Chapter 11 - Sam Hildebrand's Confession


Legend of St. Francois County
Reprinted from the County Advertiser by Farmington News Printing Company
September 26, 1979

sam_hildebrand.jpg (11901 bytes)

Confessions of Sam HILDEBRAND

TYPIST’S NOTE: I have not altered the manuscript at all, including all spelling and punctuation.  The ONLY change I have made is to capitalize all surnames. - BethK


[Another trip to Missouri. - Fight near Fredericktown. - Horse shot from under him. - Killed four Soldiers. - Went into their camp at Fredericktown and stole four horses. - Flight toward the South. - Robbed "Old Crusty." - Return to Arkansas.]

    While I was recruiting at our headquarters in Green County, Arkansas, Capt. BOLIN and most of his men returned to rest themselves for a while. Of course our time passed off agreeably, for we all had so much to say, and so much to listen to, that the mind was actively engaged at all the time, rendering it impossible for time to drag heavily.

    Having thoroughly rested myself, on the 25th day of August I selected three men, and we started on a trip to St. Francois County, Missouri. Nothing unusual occurred until we arrived in Madison County. On getting within about eight miles of Fredericktown, daylight overtook us, and we stopped at an old friend’s house for breakfast, who had always treated us kindly, for I had stopped with him several times on my previous trips. He stated to us that there were no troops in Fredericktown. Upon receiving this information, from a source, as we supposed, so reliable, we felt quite free, and resolved to make our journey on that day to my old home on Big River. So, after getting our breakfast and feeding our horses, we made our way quietly to our usual place of crossing the gravel road leading from the Pilot Knob to Fredericktown, when we were suddenly fired on from the brush by about fifty soldiers. Fortunately for us, we had not kept the usually traveled path that crossed the road at the place where the soldiers were stationed in ambush; consequently, we were about two hundred yards from them, and none of us were hurt, though my horse was shot from under me; the ball that pierced his chest, passing through my pantaloons, slightly burning my knee.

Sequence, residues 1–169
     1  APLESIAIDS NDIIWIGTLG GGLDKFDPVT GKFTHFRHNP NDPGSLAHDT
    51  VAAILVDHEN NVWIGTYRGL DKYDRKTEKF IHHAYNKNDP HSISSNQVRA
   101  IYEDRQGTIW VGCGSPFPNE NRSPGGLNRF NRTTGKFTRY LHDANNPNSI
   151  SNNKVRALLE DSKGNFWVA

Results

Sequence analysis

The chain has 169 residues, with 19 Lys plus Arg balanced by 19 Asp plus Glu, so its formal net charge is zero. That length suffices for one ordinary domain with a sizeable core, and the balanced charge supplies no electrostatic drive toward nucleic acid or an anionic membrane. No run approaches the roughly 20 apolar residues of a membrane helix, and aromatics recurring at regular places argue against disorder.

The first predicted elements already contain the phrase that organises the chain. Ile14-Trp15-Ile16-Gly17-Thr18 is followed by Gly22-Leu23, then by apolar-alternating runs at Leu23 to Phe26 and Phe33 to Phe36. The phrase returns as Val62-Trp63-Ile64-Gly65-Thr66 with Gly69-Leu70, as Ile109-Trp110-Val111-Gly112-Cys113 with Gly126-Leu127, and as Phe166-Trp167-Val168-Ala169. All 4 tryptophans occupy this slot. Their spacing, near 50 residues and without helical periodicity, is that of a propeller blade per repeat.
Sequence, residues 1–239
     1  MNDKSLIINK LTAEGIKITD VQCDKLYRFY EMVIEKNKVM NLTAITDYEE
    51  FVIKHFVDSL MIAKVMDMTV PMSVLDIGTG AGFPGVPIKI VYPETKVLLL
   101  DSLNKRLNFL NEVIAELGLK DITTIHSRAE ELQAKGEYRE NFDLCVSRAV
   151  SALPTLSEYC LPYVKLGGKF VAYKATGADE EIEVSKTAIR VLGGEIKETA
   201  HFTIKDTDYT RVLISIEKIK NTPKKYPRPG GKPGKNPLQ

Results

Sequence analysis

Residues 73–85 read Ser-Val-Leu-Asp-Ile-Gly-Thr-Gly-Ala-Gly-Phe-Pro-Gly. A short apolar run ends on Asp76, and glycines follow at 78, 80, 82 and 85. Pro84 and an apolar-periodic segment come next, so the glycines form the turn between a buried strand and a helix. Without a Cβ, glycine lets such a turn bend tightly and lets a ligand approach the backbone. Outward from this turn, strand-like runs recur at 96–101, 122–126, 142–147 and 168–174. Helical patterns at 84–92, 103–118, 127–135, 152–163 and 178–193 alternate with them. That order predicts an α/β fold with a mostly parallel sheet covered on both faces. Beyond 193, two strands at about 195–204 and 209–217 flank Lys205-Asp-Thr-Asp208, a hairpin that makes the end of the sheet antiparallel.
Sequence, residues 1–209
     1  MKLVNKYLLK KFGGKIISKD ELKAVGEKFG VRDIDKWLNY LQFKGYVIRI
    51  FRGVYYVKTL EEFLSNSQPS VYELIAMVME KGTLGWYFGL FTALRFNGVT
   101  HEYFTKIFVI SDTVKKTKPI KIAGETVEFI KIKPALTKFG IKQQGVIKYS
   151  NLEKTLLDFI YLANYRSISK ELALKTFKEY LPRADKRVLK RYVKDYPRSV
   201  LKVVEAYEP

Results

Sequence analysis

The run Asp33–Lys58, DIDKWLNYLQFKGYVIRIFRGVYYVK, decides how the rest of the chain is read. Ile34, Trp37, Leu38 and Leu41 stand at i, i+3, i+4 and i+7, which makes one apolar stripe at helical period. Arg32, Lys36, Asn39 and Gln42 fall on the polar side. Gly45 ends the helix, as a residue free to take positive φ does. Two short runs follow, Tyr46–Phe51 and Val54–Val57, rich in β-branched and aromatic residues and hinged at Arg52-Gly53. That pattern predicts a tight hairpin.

Still Lame From Wounds